A Lethal Misconception of Epidemic ProportionMay 2007
By William Faloon
Cardiovascular disease causes 1 of every 2.7 deaths in the United States today.1
Unless a drastic change occurs in the way doctors treat vascular disorders, aging adults face even greater threats of heart disease and stroke.
Mainstream doctors keep trying to find simple answers to protect against atherosclerotic disease. The problem is that scientists have identified at least 13 different factors that all conspire to destroy our aging arteries.
The illustration below depicts 13 named daggers aimed at the heart. Any one of these daggers can trigger a cardiovascular event, yet conventional medicine pretends that guarding against only a few of these proven risk factors adequately prevents vascular disease.
By failing to comprehend the underlying processes involved in circulatory breakdown, most doctors overlook documented methods of maintaining healthy blood flow in our maturing bodies.
In my early career, I performed over 300 postmortem arterial dissections. In aged cadavers, I often found arteries that were so occluded that it was virtually impossible to insert a small catheter (tube) into them. My experience provided a vivid image of the jagged structural devastation inflicted by atherosclerosis.
As you will read, many of today’s physicians seem to have forgotten what they should have observed in medical school. The result is a misconception of epidemic proportion that threatens the lives of tens of millions of aging Americans.
Cardiologists Still Don’t Get It
Mainstream medicine is fixated on the misconception that atherosclerosis is caused by excess levels of “lipids” in the blood. Lipids are usually defined as total cholesterol, LDL (low-density lipoprotein), and triglycerides, though other fatty substances contribute to the atherosclerotic process.
What doctors fail to understand is that atherosclerosis begins when the inner arterial wall (the endothelium) sustains an injury.2 Endothelial injuries are caused by numerous and often unavoidable factors. As humans age (and engage in bad habits), the endothelium becomes progressively dysfunctional. The end results are the major structural changes clinically defined as “atherosclerosis.”
People often analogize atherosclerosis as a “clogged pipe.” When a “clog” occurs in a coronary artery, the recommendation is either bypass surgery or a procedure in which a stent is inserted to keep the artery open. While these surgical procedures have become necessary for many people, the “clogged pipe” analogy is an inaccurate way to view the atherosclerosic process.
The underlying reason why arteries become occluded in older people is the progressive deterioration of the endothelial lining (the inner arterial wall). If people do not take steps to correct the “endothelial dysfunction” occurring in their aging bodies, the consequence will be a worsening epidemic of arterial disease that currently kills 37% of all Americans and 30% of people worldwide.3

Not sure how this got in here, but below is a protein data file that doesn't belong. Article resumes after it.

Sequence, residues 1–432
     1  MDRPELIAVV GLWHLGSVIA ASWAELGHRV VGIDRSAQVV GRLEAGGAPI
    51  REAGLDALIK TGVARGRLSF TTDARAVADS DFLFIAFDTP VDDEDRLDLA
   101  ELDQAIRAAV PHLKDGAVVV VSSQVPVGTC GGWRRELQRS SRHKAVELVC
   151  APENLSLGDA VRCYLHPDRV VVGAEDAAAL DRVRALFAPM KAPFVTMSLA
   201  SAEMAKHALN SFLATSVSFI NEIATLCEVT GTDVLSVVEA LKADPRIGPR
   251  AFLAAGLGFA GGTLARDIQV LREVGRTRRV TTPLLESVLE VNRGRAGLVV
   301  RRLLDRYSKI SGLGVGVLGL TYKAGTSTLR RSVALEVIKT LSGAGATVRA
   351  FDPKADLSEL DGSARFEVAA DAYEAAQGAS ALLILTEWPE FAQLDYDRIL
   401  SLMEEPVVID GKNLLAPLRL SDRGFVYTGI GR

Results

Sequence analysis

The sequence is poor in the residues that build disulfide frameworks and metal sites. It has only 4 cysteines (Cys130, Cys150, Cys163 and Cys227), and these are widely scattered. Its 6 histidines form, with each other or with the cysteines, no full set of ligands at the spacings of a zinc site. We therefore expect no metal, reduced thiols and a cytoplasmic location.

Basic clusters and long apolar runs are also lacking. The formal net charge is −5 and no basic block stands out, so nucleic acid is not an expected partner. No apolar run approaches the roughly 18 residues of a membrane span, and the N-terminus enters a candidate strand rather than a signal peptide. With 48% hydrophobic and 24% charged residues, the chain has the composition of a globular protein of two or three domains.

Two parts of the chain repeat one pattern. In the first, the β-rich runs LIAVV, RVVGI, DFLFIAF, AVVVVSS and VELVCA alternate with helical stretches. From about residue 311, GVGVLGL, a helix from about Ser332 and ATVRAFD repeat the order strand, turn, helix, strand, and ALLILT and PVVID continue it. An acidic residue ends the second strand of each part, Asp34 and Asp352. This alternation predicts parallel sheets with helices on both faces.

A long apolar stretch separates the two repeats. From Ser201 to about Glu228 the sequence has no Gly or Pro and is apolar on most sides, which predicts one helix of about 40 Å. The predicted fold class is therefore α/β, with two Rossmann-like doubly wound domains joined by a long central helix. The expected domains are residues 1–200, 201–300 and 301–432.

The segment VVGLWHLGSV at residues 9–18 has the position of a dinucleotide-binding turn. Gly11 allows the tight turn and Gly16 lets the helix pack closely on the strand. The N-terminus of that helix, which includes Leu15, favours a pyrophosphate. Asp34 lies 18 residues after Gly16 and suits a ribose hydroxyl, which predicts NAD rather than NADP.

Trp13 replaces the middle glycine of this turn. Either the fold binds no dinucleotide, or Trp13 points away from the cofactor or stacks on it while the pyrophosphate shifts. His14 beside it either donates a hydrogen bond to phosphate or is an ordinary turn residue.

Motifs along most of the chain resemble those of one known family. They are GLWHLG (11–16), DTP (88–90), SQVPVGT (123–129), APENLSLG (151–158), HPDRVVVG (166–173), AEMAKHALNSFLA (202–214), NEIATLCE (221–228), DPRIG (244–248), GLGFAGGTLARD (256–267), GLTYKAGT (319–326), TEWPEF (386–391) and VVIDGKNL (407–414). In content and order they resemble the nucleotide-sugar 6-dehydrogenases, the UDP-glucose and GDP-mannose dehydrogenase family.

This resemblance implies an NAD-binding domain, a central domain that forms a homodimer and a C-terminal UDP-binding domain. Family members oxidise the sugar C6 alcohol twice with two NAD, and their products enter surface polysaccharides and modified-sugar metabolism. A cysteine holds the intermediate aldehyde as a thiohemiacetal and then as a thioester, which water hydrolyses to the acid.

Daggers Aimed at Your Arterial Wall
If one accepts the premise that age-related arterial disease is almost universally caused by “endothelial dysfunction,” then human studies in which a single agent is tested to prevent heart attack or stroke begin to look absurd, at least in those who seek to maintain healthy blood flow over the long term.
High blood pressure,4-10 excess cholesterol-LDL-triglycerides,11-20 low HDL,21-23 cigarette smoking,24-32 diabetes,33-38 obesity,39-42 and lack of exercise43-49 all contribute to endothelial dysfunction and the subsequent development of atherosclerosis.
Additional endothelium-damaging factors include high-normal levels of glucose,50-52 insulin,53,54 iron,55-57 homocysteine,58-84 and fibrinogen,85-98 low free testosterone (in men),99-102 and any level of C-reactive protein that is higher than optimal.103-125
Homocysteine causes initial injury to the endothelium, contributes to the production of pro-inflammatory cytokines, and facilitates the oxidation of the fat/LDL that accumulates beneath the damaged endothelium. Homocysteine also increases the expression of adhesion molecules and the abnormal accumulation of blood components around the atherosclerotic lesion.
Fibrinogen is a clotting factor that accumulates at the site of the endothelial lesion, contributing to plaque buildup. Fibrinogen can also participate in the acute blockage (thrombosis) of an artery after unstable atherosclerotic plaque ruptures.